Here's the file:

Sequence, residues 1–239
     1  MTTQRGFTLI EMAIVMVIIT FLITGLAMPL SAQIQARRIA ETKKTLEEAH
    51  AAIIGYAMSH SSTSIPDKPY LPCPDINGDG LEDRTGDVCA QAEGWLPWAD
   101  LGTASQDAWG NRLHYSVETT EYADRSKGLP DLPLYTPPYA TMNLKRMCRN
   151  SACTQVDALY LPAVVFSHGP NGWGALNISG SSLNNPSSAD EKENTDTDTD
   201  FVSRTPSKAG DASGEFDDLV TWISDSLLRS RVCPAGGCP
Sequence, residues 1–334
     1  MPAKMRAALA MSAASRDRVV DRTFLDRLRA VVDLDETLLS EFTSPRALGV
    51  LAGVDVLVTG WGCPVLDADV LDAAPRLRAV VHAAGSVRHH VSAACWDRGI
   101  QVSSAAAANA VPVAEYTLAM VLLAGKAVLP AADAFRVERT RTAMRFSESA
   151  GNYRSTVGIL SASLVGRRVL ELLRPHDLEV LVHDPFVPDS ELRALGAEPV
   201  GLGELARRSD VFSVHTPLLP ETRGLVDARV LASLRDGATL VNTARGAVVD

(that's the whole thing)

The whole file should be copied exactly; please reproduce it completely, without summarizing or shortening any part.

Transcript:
Sequence, residues 1–239
     1  MTTQRGFTLI EMAIVMVIIT FLITGLAMPL SAQIQARRIA ETKKTLEEAH
    51  AAIIGYAMSH SSTSIPDKPY LPCPDINGDG LEDRTGDVCA QAEGWLPWAD
   101  LGTASQDAWG NRLHYSVETT EYADRSKGLP DLPLYTPPYA TMNLKRMCRN
   151  SACTQVDALY LPAVVFSHGP NGWGALNISG SSLNNPSSAD EKENTDTDTD
   201  FVSRTPSKAG DASGEFDDLV TWISDSLLRS RVCPAGGCP
Sequence, residues 1–334
     1  MPAKMRAALA MSAASRDRVV DRTFLDRLRA VVDLDETLLS EFTSPRALGV
    51  LAGVDVLVTG WGCPVLDADV LDAAPRLRAV VHAAGSVRHH VSAACWDRGI
   101  QVSSAAAANA VPVAEYTLAM VLLAGKAVLP AADAFRVERT RTAMRFSESA
   151  GNYRSTVGIL SASLVGRRVL ELLRPHDLEV LVHDPFVPDS ELRALGAEPV
   201  GLGELARRSD VFSVHTPLLP ETRGLVDARV LASLRDGATL VNTARGAVVD